Long before Covid-19 disrupted daily life and put millions of people at risk, polio outbreaks in the 1940s and early 1950s caused thousands of cases of paralysis, disability and death. Cases fell steadily with the invention of polio vaccines in the 1950s, and polio was officially gone from America by the 1990s. Today, polio is gone from virtually every country.
But the polio story is not over yet. In July 2022, a single case occurred in an unvaccinated person in New York. Because polio is highly contagious, a single case could potentially cause an outbreak, particularly in unvaccinated individuals.
Although we don’t know exactly how long the protection provided by the polio vaccine lasts, there is evidence that it provides protection for decades. With the polio threat looming in the United States, you may be wondering if you ever got the vaccine. The US does not have a national immunization database, so there is no single source that can be verified.
How can you find out if you have been vaccinated against polio?
1. Think about when and where you were born
If you grew up in the United States in the 1970s or later, chances are you got the polio vaccine. Polio vaccines have been routine childhood vaccinations in the United States since the vaccine was approved in the mid-1950s. If you were vaccinated as a child, chances are polio was one of them. If you grew up elsewhere and emigrated to the United States, you would have had to get the polio vaccine to move here.
2. Walk in memories
Do you or your parents still have a baby book or other memorabilia from your early childhood? You may be able to find records confirming which vaccinations you have received. If your parents are still alive, ask them if you received routine vaccinations as a child. Your memory may be enough to strongly suggest that you are protected.
3. Review your pediatric medical records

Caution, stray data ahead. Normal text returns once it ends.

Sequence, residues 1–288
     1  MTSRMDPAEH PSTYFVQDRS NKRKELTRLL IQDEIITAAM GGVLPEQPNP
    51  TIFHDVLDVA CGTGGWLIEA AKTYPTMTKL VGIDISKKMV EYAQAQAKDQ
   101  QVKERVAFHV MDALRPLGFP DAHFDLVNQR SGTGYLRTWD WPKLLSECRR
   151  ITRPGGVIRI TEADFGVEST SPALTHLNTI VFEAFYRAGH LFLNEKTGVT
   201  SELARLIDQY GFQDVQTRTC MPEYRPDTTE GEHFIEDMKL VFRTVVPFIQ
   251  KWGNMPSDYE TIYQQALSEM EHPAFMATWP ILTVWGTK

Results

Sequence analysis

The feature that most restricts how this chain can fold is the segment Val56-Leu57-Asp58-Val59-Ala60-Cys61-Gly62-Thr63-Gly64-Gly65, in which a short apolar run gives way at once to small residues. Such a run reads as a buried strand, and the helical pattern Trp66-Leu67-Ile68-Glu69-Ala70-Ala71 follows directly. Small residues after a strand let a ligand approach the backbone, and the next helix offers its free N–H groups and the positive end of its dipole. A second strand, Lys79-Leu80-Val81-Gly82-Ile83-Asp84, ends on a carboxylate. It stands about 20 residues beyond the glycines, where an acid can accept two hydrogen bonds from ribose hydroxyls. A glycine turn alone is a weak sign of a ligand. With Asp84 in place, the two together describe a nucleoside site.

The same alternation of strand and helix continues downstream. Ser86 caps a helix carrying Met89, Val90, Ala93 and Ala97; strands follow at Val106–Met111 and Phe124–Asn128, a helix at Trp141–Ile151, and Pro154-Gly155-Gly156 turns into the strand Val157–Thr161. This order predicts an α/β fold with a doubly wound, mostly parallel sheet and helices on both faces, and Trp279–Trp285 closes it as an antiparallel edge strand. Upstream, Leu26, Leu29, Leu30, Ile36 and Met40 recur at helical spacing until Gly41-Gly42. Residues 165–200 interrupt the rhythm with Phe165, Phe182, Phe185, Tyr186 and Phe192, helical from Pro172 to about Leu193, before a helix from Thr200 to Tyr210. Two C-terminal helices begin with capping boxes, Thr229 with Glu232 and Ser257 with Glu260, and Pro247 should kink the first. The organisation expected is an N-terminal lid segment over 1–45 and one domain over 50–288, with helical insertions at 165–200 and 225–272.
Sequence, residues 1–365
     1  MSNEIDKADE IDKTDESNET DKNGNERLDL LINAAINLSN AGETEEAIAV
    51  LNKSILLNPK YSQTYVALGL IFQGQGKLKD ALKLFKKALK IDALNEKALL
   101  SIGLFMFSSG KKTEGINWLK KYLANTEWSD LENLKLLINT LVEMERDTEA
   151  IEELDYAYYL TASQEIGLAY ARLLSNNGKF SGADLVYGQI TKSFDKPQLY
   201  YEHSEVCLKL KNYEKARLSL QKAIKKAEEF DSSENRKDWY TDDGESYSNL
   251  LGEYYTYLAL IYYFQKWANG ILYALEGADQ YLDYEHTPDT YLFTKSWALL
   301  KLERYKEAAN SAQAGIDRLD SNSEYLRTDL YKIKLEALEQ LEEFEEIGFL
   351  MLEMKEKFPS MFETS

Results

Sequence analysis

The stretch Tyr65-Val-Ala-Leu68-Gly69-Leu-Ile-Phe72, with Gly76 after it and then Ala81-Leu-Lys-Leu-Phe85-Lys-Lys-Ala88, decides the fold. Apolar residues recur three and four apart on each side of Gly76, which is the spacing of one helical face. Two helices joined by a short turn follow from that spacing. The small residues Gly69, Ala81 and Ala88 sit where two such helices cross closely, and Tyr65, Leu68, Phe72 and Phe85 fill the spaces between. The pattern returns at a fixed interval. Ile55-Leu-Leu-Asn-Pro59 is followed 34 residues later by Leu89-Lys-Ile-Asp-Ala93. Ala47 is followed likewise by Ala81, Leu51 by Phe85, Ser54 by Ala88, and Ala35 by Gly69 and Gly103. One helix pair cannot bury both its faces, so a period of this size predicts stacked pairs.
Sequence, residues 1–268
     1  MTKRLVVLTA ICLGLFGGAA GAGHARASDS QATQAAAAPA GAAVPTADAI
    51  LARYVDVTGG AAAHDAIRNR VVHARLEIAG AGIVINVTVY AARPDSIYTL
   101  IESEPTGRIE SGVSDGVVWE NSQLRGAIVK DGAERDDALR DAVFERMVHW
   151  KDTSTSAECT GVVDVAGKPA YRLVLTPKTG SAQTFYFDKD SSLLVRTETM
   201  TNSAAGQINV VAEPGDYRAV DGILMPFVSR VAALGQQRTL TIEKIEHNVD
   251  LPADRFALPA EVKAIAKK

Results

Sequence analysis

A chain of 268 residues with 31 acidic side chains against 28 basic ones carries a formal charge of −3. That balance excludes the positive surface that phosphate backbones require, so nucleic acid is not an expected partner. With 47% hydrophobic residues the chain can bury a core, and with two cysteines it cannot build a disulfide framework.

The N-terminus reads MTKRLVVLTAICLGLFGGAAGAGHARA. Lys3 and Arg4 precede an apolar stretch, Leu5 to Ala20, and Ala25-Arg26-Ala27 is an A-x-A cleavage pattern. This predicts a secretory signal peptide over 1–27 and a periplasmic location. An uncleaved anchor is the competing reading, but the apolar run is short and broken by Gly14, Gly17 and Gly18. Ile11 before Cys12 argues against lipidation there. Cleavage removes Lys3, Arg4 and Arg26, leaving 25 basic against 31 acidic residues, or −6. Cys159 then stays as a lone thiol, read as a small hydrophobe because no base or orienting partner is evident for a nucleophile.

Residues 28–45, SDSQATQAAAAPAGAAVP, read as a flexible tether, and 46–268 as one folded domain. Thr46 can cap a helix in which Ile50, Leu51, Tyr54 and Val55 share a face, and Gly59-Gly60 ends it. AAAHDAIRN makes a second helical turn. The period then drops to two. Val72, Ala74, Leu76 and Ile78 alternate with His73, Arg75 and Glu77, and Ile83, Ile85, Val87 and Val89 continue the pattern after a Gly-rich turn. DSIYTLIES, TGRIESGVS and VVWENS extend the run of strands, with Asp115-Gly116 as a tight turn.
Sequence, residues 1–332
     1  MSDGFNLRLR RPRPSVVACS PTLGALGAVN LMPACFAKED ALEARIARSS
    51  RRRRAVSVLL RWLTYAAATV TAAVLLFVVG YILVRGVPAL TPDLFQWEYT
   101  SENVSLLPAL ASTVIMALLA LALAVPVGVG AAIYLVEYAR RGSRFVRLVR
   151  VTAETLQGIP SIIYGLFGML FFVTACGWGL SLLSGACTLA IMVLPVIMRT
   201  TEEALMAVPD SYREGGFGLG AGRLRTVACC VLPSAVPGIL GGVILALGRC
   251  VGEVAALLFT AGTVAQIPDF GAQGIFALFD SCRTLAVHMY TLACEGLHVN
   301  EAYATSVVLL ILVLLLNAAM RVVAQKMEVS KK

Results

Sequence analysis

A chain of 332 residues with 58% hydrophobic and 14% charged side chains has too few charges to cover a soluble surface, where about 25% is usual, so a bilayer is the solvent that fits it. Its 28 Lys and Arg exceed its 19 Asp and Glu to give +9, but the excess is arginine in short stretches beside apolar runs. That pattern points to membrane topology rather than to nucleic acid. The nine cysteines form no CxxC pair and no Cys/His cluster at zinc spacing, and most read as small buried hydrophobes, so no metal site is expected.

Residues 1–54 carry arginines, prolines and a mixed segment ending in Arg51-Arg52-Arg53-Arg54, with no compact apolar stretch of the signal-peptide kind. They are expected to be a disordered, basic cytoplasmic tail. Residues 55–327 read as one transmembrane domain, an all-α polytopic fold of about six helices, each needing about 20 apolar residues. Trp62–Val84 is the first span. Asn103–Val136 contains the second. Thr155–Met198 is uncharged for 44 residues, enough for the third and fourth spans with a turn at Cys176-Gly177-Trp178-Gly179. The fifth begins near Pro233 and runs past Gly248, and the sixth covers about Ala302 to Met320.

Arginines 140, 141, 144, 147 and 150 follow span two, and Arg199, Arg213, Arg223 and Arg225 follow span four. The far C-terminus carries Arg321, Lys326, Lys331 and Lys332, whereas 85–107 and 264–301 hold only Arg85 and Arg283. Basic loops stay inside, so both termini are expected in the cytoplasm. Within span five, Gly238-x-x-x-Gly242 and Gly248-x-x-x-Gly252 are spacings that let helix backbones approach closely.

If your pediatric practice is still operating, you can ask them for a copy of your medical records. Depending on how old you are, they may have to dig up your paper files — but they may still have them.
4. Check your state’s archives
Some states now have online registries to track immunizations in one central location. They probably don’t go back far enough to help someone in their 30s or older, but historical records may exist in state health departments.
5. Check with the schools you have attended
If your preschool or elementary school is still in existence, it may have a record of its vaccination requirements. Most schools would have required a polio vaccination. If you can confirm that your school required the polio shot, it’s a safe bet you were vaccinated or you shouldn’t have attended.
Although you can’t go back that far, your high school or college may have required a record of your childhood immunizations. If documentation of polio vaccination is required, this may be enough to presume you have been vaccinated.
What to do if you haven’t been vaccinated against polio?
If you find that you have not received the polio shot, or if you are at high risk of exposure because of your job or the countries you visit, the CDC recommends that you get vaccinated now. Talk to your doctor about your risks and create a protection plan.
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